Adrian Towse presented evidence that transparency of process reduced corruption and improved competition. Evidence was, however, against price transparency for on-patent medicines. It will reduce access in low income countries. In generic markets, price transparency could improve efficiency, although it risks collusion by suppliers. There is therefore a case for buyers sharing, but not publishing, price data for off-patent medicines.
People living in Middle and Low Income Countries (MLICs) do not get access to innovative treatments and new treatments meeting MLIC requirements do not come to market. These issues should be addressed through a demand-side approach— better payer policy in MLICs, supported by international actors, to speed development and dissemination. An Innovation Uptake Institute (IUI) can serve as an honest broker between country payers and suppliers.
TB kills 1.6m people annually - the world’s deadliest infectious disease. The Market-Driven, Value-Based Advance Commitment (MVAC), creates and guarantees a market for better TB treatment. The final “blueprint” has four pillars: HTA to inform countries’ value-based purchase commitments; commitment guarantees underwritten by a development bank; industrial policy alignment; and a governance structure credible to MIC payers and industry.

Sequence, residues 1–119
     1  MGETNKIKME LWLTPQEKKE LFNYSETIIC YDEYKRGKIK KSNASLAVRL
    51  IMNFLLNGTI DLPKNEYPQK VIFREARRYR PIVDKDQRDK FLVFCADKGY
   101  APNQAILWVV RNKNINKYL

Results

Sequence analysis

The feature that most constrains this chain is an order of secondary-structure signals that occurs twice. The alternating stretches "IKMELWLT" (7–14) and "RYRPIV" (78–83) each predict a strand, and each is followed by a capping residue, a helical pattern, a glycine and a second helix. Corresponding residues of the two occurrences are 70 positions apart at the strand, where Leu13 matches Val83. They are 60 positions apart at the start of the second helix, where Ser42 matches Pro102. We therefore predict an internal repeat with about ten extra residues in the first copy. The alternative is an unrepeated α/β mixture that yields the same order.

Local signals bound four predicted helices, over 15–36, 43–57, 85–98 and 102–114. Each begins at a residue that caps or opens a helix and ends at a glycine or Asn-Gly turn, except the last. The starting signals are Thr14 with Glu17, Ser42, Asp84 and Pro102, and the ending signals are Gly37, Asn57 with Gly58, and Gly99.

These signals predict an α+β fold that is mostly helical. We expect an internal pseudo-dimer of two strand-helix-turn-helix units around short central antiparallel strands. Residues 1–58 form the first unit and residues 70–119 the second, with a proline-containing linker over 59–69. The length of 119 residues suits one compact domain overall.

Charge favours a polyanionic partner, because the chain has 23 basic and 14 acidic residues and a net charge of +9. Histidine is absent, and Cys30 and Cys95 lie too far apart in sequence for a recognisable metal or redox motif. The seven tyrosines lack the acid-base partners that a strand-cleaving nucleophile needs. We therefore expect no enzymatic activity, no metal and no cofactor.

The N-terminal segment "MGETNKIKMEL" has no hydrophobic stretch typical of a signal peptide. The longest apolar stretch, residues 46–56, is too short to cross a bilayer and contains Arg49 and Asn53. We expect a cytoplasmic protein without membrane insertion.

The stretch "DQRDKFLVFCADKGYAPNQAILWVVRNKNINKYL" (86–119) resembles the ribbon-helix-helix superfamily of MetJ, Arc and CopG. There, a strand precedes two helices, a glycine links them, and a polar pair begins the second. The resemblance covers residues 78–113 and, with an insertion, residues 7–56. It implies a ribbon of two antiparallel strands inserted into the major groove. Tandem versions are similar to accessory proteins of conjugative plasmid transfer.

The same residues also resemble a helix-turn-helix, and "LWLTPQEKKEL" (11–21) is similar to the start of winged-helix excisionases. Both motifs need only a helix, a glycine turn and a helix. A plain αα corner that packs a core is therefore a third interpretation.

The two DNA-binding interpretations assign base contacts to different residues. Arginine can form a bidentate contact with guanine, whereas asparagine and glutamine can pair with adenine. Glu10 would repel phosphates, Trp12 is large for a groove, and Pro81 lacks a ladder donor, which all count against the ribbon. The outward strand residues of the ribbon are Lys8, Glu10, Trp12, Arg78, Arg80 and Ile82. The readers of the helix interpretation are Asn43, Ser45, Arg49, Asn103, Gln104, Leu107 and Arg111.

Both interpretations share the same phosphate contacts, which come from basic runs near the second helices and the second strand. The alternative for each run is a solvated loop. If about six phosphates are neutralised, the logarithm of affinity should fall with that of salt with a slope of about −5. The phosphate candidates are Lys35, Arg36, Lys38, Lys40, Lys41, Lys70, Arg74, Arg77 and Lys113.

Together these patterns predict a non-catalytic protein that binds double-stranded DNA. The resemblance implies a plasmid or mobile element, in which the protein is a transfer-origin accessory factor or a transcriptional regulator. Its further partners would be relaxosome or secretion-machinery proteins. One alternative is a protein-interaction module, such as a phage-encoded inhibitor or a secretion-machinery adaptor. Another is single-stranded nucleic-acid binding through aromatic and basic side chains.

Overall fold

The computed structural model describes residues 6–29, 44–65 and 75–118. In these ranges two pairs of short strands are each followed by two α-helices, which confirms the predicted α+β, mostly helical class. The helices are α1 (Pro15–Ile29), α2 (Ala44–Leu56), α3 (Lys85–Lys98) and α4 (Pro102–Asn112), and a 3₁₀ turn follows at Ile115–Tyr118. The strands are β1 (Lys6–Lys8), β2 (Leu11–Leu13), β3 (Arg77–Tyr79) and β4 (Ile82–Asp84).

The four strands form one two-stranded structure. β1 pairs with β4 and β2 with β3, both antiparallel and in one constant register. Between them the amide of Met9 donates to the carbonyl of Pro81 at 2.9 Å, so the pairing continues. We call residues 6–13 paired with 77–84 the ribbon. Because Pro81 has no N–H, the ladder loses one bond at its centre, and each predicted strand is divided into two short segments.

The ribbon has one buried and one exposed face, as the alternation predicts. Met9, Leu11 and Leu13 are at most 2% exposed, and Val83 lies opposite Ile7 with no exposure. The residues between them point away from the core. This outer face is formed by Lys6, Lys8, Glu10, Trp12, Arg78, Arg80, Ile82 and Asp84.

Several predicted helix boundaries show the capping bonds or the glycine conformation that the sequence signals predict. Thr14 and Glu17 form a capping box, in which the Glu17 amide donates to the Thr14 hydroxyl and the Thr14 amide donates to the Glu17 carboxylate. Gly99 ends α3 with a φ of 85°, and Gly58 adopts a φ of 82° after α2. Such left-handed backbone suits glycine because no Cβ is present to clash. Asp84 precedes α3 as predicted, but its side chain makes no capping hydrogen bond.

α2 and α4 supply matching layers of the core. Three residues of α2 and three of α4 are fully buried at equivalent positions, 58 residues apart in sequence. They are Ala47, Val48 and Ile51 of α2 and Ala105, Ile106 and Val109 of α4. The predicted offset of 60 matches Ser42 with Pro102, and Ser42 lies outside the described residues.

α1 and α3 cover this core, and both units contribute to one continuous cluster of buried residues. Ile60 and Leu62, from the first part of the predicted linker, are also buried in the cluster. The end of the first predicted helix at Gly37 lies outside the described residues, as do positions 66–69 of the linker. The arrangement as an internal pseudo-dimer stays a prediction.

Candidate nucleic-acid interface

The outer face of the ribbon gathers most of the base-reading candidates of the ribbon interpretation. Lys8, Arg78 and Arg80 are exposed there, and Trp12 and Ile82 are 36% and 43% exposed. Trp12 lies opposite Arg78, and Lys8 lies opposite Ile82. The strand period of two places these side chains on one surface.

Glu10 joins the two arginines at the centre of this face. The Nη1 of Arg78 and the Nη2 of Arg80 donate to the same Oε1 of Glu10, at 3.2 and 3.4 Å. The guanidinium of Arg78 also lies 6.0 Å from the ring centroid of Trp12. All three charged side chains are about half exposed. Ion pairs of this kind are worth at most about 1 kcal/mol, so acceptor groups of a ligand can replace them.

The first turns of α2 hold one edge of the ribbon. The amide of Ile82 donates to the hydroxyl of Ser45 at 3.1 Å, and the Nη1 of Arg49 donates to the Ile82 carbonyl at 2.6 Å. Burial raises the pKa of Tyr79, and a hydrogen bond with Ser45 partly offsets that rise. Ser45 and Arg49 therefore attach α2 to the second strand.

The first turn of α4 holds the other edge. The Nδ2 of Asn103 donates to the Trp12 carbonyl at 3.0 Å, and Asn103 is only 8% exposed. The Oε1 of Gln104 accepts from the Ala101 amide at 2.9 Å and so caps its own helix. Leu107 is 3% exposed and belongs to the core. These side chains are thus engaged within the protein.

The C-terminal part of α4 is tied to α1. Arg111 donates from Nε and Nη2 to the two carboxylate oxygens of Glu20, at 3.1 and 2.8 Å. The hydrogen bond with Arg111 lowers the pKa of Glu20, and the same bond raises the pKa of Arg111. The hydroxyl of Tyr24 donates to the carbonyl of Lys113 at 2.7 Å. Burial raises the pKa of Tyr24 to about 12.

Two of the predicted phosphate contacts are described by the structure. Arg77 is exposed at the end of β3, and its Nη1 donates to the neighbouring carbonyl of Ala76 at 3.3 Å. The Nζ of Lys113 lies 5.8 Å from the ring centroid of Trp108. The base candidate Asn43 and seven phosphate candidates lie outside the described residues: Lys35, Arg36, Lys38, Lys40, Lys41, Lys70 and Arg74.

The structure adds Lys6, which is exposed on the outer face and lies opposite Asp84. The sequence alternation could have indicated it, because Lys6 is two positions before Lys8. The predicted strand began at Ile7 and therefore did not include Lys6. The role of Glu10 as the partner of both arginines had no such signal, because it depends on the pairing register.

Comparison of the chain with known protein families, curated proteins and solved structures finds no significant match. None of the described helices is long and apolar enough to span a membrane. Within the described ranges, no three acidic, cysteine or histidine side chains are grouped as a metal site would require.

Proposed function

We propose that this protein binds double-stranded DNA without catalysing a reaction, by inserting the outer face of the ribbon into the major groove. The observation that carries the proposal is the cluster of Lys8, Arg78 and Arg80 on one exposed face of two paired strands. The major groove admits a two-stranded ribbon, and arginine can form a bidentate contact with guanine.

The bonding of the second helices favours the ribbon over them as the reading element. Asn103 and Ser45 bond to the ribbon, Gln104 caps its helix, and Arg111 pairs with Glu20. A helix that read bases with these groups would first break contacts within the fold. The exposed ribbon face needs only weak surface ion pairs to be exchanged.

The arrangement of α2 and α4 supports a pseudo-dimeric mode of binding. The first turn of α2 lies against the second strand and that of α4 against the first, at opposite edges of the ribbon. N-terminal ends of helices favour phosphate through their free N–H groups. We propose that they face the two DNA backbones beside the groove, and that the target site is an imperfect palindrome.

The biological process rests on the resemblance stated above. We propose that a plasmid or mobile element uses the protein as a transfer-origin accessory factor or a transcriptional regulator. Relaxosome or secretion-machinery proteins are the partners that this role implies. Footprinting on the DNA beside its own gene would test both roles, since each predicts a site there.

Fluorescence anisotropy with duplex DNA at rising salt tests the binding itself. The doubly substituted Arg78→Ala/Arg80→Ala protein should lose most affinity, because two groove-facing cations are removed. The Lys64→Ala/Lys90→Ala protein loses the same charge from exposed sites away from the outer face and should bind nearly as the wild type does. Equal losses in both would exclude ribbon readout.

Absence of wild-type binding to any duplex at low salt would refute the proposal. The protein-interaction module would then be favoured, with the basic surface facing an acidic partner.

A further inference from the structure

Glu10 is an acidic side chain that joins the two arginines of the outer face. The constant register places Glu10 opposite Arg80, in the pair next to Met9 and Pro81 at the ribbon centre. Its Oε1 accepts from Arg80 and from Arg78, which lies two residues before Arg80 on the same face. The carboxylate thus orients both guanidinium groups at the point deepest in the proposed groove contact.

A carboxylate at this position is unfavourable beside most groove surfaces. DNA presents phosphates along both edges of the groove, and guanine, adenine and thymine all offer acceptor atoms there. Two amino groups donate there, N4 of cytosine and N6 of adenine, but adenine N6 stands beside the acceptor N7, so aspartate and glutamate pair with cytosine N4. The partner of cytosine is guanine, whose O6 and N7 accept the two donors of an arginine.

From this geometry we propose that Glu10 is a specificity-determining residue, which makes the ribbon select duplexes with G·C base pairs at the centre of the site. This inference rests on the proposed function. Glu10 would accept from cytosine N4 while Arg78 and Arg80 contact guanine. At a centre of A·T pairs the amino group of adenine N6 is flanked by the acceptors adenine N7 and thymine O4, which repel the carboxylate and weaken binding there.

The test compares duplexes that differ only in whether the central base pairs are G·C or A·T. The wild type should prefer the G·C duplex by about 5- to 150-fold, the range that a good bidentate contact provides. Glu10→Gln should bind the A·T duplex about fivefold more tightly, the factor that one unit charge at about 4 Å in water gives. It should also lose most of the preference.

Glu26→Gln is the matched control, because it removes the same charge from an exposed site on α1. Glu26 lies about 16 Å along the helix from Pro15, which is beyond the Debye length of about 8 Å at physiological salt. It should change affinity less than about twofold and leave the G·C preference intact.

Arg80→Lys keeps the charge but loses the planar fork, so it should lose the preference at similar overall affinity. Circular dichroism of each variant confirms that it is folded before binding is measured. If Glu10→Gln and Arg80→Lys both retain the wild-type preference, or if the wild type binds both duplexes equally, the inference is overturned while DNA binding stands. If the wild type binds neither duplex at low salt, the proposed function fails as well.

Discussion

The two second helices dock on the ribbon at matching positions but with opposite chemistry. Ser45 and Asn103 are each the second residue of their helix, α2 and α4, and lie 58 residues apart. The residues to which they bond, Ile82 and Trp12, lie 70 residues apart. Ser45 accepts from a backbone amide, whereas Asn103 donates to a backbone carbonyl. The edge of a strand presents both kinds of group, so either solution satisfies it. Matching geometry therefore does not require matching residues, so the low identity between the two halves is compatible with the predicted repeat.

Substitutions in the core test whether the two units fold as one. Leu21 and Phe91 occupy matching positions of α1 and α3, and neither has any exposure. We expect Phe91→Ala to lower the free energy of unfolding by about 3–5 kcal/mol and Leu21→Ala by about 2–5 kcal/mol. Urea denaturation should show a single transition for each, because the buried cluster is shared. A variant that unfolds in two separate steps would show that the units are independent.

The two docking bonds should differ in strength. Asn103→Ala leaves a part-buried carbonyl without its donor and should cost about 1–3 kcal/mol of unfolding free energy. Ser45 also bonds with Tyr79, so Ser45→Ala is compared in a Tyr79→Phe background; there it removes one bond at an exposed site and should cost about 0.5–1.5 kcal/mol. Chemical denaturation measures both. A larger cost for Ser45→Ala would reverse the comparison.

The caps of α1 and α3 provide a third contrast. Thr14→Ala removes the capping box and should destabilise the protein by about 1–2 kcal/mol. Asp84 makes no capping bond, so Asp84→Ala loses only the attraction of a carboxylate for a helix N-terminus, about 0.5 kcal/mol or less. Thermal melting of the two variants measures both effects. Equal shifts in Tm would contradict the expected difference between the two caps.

Why might differences arise between child and adult QALYs? In the UK, NICE’s science policy and research team is reviewing NICE’s recommendations on child utilities and QALYs. In Australia, the Medical Research Future Fund has announced it will fund research for the PBAC on the topic. This blog sets out a conceptual framework addressing five key issues in measuring and valuing children’s health as compared to that of adults.